Springtime Means Babies

From bald eagles to beavers and rabbits to red foxes, springtime is the time of year for wildlife babies. Some species like chipmunks and squirrels are prolific and have two or more litters per year. But all-in-all, spring is the season when most wild animal babies come into this world.

In spite of annoying blackflies, I try to get out into the woods with a camera as much as possible to see what I can find in the cuteness department. But I didn’t have to go into the woods at all to photograph the two red fox kits in the image above. I found them playing outside of their den in a neighbor’s pasture just over two weeks ago. This pair is part of a litter of five. I’ve also spotted the parents on several occasions but they have proven to be quite camera-shy. Once, I caught the mother nursing the kits alongside one of the two entrances to her den but she ran off as soon as she spotted me, leaving the hungry youngsters a bit confused and perplexed.

I’m able to observe both entrances of the fox den, which are about 20 feet apart, from a fencerow without having to enter the pasture at all. Now that leaves are emerging, my vantage point is hidden that much more. It’s my guess that these kits are five weeks old and that their eyes have only been open for about three weeks. At this point, they can’t see very far, so I doubt that they have any idea that I’m even there. But that will change in time.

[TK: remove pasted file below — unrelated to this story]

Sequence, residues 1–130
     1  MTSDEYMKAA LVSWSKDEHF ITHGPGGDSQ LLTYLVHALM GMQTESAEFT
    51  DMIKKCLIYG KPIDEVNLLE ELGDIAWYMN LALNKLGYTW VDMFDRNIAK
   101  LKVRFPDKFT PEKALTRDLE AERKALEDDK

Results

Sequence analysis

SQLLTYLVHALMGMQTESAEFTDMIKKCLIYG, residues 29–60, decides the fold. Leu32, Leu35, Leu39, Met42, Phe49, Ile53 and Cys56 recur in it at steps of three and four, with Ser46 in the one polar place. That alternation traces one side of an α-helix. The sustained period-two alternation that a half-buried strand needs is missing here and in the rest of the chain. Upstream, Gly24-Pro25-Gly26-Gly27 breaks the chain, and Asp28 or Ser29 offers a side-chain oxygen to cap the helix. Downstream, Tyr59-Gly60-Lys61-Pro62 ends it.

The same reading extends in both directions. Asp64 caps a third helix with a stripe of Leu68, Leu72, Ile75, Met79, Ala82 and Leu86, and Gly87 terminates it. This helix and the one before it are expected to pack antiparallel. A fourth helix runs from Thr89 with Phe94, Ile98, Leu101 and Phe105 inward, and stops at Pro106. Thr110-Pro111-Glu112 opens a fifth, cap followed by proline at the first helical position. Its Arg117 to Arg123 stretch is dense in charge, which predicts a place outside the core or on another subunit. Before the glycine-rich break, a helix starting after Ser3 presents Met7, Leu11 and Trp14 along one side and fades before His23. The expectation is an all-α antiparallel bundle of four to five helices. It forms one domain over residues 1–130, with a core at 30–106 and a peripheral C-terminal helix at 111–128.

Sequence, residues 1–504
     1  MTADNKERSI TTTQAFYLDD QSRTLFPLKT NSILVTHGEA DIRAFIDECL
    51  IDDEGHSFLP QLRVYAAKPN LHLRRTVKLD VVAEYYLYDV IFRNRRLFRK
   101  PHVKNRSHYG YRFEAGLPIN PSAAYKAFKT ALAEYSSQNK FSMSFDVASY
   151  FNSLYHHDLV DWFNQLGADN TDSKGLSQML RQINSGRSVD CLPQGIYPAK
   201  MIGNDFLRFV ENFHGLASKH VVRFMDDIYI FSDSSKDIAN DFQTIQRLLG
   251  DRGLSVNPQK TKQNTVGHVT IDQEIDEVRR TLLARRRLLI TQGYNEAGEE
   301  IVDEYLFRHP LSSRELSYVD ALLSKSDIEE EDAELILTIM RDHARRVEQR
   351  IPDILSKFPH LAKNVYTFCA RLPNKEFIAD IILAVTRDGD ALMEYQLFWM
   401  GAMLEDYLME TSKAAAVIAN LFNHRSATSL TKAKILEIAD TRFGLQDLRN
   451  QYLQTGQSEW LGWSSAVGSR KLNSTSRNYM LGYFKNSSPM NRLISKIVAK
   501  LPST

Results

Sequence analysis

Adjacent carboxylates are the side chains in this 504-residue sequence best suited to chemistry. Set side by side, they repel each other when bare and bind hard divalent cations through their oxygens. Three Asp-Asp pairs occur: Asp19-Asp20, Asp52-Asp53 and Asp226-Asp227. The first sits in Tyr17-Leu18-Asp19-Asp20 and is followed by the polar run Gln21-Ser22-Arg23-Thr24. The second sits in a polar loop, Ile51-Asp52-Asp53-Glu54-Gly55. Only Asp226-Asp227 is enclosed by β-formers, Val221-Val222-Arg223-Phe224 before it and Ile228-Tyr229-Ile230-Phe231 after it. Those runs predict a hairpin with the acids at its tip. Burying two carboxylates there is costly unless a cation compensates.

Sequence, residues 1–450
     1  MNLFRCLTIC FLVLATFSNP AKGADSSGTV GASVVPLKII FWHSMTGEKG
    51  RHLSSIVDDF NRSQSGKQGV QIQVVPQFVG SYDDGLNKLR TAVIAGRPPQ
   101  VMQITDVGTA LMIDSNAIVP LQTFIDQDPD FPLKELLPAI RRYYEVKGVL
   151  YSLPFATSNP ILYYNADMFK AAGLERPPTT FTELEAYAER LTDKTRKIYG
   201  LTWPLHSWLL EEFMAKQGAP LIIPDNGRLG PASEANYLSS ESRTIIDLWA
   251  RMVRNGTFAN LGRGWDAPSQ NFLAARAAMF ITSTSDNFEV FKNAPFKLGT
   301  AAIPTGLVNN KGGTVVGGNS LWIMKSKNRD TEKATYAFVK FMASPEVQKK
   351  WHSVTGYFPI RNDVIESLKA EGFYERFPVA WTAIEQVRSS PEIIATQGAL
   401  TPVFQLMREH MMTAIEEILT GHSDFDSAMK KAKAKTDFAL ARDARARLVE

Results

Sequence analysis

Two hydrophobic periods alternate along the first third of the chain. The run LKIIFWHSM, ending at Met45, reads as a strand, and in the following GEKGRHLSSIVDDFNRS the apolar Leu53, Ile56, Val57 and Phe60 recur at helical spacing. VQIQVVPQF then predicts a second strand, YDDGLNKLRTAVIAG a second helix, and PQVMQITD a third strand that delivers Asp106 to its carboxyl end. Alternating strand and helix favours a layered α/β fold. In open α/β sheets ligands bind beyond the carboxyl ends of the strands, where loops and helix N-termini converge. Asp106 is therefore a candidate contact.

Fox kits are blind and helpless at birth and depend on their mother for sustenance. The female, known as a vixen, remains with her babies constantly for the first two weeks to nurse and keep them warm. During that time, she depends on her mate to provide for her own nourishment. By their fourth week, weaning begins and the kits are fed partially-digested food, which has been regurgitated by the parents. Although red foxes are normally nocturnal, it’s not unusual to see them hunting during the day at this time of year when they’re busy feeding hungry pups.

It’s almost time for the kits to start exploring but so far they haven’t meandered more than 25 feet from either den entrance. They spend most of their time stalking one other and wrestling. By mid-summer, they will need to become accomplished hunters and the playful fighting and biting is preparing them to do just that. By fall, they will have to be ready to go off and survive on their own.

Story and photo by John Adamski

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